myeloperoxidase at the edges of the ulcer. Most T lymphocytic
stains were negative (ie, CD4 and CD8; a few CD45 positive
cells were noted). We found altered dermal vessels, and some
degeneration of the vessels as demonstrated by altered staining
of von Willebrand factor (especially under the ulcer and in close
proximity). We also found many dermal vessels in these areas to
be dilated, including the lymphatics; and we detected a immune
response to these vessels, as demonstrated by positive CD99
staining in many of them. In addition, strong staining with antifibrinogen against these vessels was clearly present. The specific
etiologic role of this vascular immune response is not known.
Other authors had reported clinical, histologic, and
immunofluorescent findings in 68 PG cases. Notably, 78
per cent had associated systemic diseases, with arthritis and
inflammatory bowel disease being most common. These
authors reported cutaneous histopathologic changes varied
with the site of biopsy. Specifically, lymphocytic vasculitis was
predominant in the zone of erythema peripheral to the ulcers,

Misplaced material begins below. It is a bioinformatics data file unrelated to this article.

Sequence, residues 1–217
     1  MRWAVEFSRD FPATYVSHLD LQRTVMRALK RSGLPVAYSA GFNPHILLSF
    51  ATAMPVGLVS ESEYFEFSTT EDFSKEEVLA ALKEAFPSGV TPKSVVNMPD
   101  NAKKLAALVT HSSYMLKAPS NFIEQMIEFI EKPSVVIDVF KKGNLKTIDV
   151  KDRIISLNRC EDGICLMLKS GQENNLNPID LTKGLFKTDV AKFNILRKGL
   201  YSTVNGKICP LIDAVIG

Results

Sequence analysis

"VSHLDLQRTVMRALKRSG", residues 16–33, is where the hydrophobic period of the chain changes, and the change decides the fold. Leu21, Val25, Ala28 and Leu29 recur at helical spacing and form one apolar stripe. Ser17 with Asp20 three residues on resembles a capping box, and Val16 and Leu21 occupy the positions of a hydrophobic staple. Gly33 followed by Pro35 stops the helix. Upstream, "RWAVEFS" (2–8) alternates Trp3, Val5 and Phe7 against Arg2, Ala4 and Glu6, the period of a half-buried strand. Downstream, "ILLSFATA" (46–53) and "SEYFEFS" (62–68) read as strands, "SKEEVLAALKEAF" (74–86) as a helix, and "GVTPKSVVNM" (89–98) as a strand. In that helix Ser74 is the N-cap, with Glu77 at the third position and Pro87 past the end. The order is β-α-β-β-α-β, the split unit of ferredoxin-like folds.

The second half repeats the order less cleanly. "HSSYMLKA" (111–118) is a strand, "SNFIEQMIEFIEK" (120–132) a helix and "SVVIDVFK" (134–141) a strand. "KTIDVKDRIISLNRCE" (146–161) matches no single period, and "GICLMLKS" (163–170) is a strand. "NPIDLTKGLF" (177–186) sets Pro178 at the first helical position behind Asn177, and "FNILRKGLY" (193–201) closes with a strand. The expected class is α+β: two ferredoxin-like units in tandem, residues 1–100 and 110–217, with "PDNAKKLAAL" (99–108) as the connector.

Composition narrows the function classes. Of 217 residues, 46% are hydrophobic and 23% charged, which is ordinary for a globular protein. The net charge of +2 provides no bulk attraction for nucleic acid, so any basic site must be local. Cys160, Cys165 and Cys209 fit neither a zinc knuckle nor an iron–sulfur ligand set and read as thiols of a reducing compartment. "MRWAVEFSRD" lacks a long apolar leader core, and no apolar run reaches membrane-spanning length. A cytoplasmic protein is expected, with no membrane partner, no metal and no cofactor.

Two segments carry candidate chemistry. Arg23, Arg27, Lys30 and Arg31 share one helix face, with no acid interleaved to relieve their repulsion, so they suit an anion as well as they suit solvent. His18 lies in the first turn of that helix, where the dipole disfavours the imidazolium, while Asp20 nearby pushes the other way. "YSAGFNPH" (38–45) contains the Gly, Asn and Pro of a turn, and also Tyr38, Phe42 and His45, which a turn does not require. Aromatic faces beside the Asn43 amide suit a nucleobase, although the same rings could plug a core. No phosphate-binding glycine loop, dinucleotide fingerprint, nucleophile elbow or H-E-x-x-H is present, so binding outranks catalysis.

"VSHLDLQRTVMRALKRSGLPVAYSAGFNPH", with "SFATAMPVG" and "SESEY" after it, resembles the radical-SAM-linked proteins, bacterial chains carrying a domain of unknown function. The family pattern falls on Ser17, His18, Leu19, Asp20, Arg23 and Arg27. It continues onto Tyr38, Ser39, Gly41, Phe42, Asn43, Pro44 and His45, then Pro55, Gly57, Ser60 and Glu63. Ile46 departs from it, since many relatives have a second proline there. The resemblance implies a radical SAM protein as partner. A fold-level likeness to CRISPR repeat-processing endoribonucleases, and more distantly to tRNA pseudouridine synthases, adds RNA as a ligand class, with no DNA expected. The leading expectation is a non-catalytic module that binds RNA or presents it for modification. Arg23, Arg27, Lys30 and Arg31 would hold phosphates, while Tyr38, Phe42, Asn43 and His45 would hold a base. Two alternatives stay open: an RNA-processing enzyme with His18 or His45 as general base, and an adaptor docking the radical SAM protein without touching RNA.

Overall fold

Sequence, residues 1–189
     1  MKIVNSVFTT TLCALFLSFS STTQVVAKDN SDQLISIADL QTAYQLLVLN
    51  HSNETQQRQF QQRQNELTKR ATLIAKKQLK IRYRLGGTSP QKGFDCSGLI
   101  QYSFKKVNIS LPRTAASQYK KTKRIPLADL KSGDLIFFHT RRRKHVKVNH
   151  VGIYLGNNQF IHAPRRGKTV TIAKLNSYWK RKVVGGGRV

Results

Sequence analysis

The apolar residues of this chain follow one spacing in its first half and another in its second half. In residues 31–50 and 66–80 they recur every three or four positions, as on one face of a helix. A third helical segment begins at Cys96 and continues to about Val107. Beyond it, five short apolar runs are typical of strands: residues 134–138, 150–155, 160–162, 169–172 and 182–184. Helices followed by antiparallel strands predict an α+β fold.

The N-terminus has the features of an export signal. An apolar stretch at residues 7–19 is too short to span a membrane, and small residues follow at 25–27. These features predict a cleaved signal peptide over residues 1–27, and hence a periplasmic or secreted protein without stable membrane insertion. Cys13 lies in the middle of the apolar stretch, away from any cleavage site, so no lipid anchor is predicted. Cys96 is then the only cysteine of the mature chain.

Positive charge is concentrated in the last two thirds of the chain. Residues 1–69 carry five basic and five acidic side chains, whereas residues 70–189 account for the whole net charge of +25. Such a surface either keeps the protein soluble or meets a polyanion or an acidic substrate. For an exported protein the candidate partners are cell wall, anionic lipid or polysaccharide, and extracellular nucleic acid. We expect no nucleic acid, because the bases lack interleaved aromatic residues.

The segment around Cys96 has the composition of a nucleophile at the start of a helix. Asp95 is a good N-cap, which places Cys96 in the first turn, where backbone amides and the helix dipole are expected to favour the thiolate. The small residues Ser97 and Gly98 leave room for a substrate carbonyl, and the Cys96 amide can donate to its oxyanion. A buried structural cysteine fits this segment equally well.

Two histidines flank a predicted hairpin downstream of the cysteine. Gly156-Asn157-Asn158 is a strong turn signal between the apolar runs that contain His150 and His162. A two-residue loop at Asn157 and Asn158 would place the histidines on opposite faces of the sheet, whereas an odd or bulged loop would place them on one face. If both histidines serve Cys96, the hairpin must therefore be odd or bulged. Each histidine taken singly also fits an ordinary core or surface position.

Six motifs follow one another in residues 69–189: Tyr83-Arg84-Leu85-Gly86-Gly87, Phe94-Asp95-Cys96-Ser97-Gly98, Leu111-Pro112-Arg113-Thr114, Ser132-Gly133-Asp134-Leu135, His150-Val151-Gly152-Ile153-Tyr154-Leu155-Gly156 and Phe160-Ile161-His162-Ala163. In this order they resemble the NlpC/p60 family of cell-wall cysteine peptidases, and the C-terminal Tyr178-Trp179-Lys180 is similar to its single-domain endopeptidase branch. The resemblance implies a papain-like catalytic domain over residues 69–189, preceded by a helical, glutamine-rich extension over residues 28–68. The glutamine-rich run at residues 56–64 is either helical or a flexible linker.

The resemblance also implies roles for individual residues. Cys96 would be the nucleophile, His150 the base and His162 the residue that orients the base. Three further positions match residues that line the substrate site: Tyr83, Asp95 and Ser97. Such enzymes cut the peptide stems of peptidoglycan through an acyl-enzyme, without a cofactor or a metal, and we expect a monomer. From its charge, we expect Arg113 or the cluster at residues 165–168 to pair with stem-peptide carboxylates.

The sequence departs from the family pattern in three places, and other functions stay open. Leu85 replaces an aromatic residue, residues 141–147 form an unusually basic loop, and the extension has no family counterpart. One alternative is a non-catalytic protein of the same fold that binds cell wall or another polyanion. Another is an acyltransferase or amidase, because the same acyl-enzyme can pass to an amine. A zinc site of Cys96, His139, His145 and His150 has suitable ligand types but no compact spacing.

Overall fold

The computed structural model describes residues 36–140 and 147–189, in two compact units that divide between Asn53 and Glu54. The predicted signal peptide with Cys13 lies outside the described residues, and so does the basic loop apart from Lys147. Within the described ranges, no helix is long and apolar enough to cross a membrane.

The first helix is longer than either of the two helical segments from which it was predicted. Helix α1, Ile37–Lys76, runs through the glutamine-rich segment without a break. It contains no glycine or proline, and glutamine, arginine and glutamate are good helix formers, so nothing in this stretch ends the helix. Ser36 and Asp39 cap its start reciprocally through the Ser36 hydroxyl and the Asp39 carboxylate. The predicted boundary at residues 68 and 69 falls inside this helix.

while neutrophilic infiltrates and abscess formation were more
prominent in central ulcer areas. In most of the cases studied,
DIF showed immunoglobulins and complement deposited in
and around superficial and deep dermal vessels, as we also
observed [10].
Other authors reported the results of biopsies from ulcer
edges in 8 PG patients. These biopsies were examined by DIF.
Deposits of Complement/C3 were seen in the vessel walls of
all samples, and IgM in three and IgA in one. Granular deposits
of Complement/C3 were seen at the dermal-epidermal junction
in 2 patients. Biopsies from clinically normal skin of 6 of the
patients were DIF negative [11]. In agreement with our findings,
these authors suggested that deposition of immune complexes in
multiple dermal vessel walls may play a role in the pathogenesis
of PG [11].
PG presents with multiple clinical appearances, and is easy
to misdiagnose. The histopathology of PG is nonspecific; a
biopsy is needed to exclude other diagnoses. Given our data,
multiple dermal vessels including lymphatics, venules and
arterioles seem to play a role in the immunopathology of PG.